Last week, I posted about the difficulty of being inclusive of different races or cultures in writing in “Writing Race – Diversity in Genre Fiction”. I wanted to give a follow up to both my own research results as well as some other information I found.

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First, I must confess that I threw the larger issue of including diversity in writing on a writers’ message board. I wanted to get a sense of the issue from those who are actively working as writers. The comments ranged from agreeing with the difficulty of the subject to those who found some inspiration for a future book. I’ve said before that message boards can be a good place to find community, and from what I saw on the thread I started, the topic is one that deserves a community’s consideration. It also should be an ongoing discussion either with other writers or even with just ourselves.

Second, some really good information came in through the message board discussion. One of the best things was the resource of the book titled Writing The Other by Nisi Shawl and Cynthia Ward. The broad definition of the “Other” is one who is different or distinct from what is already known, or one that is not included. I’m grateful for the introduction to the book as I’m always looking for great writing resources. One of the things I liked from the beginning of the book was that both authors made a list of the things that made them different from the “norm”. It’s a great reminder that we all have differences. Breaking it down that way helps to break down the issue of writing those who are different from us whether that means gender, skin color, culture, philosophy, politics, or anything else that makes us who we are.

Third, the research trip I took last week was a great experience. Originally, I was more focused on the setting itself and taking pictures. I knew I wanted to concentrate on the food of the area since it helps define the regionalism. However, a friend challenged me to interview people, especially those of the Gullah-Geechee background because talking in person would make a difference to me. I managed to schedule two interviews, and I am so grateful that these two people took the time to give me further explanations to information I had already researched in books.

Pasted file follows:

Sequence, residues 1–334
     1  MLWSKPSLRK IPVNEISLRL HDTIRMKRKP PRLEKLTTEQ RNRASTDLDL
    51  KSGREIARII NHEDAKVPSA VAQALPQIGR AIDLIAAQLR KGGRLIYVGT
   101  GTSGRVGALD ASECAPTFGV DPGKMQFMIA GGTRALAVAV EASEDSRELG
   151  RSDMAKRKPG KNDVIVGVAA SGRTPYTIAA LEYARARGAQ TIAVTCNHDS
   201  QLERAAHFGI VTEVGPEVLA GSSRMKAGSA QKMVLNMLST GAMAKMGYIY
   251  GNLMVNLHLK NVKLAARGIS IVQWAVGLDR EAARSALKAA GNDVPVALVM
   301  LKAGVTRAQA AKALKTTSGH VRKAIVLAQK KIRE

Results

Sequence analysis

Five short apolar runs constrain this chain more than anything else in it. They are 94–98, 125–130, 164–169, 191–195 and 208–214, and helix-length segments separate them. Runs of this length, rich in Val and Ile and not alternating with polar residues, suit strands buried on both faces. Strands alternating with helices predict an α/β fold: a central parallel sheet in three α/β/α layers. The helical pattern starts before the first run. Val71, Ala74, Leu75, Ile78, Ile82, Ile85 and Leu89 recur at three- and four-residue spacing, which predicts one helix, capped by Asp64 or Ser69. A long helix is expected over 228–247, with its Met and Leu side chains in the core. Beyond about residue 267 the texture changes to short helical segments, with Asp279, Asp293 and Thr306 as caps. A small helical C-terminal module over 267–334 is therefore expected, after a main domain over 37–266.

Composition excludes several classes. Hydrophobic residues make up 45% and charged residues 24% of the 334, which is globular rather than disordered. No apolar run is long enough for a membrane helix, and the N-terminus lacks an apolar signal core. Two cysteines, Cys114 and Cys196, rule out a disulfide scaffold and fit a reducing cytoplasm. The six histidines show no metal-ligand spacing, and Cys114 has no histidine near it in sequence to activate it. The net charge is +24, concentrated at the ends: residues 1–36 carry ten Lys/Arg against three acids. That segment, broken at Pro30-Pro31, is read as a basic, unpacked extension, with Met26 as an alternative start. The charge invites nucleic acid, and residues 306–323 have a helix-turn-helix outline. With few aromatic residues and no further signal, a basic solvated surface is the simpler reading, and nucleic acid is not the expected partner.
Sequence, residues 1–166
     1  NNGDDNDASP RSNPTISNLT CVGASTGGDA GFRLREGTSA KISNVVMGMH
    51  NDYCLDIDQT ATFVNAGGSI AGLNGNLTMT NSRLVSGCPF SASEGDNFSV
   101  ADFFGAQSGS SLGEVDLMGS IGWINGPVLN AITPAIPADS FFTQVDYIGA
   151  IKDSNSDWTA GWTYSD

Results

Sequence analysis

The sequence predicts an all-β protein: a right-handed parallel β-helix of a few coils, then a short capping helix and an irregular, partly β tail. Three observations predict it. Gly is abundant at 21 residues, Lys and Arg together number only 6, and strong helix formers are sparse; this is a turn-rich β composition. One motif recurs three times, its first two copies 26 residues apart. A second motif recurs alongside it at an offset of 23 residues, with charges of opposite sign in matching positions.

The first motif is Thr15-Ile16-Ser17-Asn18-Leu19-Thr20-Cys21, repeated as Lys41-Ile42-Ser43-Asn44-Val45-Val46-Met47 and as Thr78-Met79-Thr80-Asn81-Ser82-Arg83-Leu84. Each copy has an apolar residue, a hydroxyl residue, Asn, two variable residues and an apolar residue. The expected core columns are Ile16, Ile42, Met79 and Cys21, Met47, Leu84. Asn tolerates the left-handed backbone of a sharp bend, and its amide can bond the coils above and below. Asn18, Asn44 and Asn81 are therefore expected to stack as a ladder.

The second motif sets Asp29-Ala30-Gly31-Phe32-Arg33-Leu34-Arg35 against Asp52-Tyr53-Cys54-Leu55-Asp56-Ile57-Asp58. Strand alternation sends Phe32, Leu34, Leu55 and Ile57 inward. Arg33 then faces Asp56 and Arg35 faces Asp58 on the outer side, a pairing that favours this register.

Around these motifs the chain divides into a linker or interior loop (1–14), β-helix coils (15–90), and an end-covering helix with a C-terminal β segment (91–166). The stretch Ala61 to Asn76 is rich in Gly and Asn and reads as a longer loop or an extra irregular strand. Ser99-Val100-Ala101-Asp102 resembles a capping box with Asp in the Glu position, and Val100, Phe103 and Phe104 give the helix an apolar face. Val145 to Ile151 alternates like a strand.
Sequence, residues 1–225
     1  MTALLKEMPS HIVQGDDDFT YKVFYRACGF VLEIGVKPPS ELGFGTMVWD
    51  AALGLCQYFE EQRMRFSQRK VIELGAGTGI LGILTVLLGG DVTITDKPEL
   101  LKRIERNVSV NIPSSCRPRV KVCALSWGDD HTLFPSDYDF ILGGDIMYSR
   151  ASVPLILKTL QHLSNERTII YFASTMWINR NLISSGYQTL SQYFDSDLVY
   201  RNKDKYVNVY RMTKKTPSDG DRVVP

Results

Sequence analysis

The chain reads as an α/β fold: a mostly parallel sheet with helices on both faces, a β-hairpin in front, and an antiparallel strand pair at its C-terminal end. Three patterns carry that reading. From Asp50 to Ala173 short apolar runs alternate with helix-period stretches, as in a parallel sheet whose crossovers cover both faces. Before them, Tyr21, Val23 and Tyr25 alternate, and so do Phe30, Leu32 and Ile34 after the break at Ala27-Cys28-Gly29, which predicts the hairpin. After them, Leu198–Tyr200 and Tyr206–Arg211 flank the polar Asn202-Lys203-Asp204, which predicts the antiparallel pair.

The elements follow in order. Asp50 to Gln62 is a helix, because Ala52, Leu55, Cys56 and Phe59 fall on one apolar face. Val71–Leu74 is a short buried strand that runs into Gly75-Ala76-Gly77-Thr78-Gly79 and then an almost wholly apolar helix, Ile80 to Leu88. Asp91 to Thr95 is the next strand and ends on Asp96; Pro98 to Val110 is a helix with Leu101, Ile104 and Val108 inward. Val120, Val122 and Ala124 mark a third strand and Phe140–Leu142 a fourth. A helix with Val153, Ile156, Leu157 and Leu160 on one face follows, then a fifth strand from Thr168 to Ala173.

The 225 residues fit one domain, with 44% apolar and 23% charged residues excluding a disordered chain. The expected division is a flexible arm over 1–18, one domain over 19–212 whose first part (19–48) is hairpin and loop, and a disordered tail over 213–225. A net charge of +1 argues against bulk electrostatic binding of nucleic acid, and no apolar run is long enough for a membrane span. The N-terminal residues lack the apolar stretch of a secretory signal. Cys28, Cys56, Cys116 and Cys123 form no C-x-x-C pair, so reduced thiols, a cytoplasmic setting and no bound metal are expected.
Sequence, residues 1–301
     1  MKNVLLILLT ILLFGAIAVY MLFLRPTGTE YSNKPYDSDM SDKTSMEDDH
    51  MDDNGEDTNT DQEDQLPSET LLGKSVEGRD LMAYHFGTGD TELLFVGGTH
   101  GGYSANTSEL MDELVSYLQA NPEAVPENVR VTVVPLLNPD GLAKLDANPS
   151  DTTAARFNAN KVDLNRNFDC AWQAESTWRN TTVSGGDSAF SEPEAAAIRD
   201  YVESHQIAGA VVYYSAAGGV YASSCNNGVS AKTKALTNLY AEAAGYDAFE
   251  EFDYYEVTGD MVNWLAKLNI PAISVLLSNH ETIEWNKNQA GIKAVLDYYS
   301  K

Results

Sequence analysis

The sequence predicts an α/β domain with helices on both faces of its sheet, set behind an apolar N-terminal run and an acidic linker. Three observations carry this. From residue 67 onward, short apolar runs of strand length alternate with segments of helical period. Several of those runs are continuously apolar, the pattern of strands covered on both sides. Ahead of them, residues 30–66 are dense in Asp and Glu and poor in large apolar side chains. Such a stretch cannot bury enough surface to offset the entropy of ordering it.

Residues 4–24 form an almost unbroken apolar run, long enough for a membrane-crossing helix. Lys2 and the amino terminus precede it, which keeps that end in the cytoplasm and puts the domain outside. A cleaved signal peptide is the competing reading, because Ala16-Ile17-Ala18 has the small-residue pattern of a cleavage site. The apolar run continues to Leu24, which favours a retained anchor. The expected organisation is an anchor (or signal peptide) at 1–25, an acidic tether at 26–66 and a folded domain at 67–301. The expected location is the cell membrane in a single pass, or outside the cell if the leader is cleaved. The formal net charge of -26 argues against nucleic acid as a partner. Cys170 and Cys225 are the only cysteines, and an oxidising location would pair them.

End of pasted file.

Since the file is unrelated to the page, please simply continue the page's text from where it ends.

So how has my research affected my story? I now have a larger understanding of how to ground my story in the area. The structure of the family has solidified for me after asking questions about community and family. The Gullah dialect is a huge part of their identifying signifiers, and there was nothing better than listening directly to it. I know that it isn’t possible for everyone to go research in person, but I know that having the opportunity to be there and talk to a couple of people will be beneficial for my story.

The whole process and placing myself on the path of discovery was not easy. And I’m not done learning. But the difficulty is worth it whether one person or one hundred people read my work.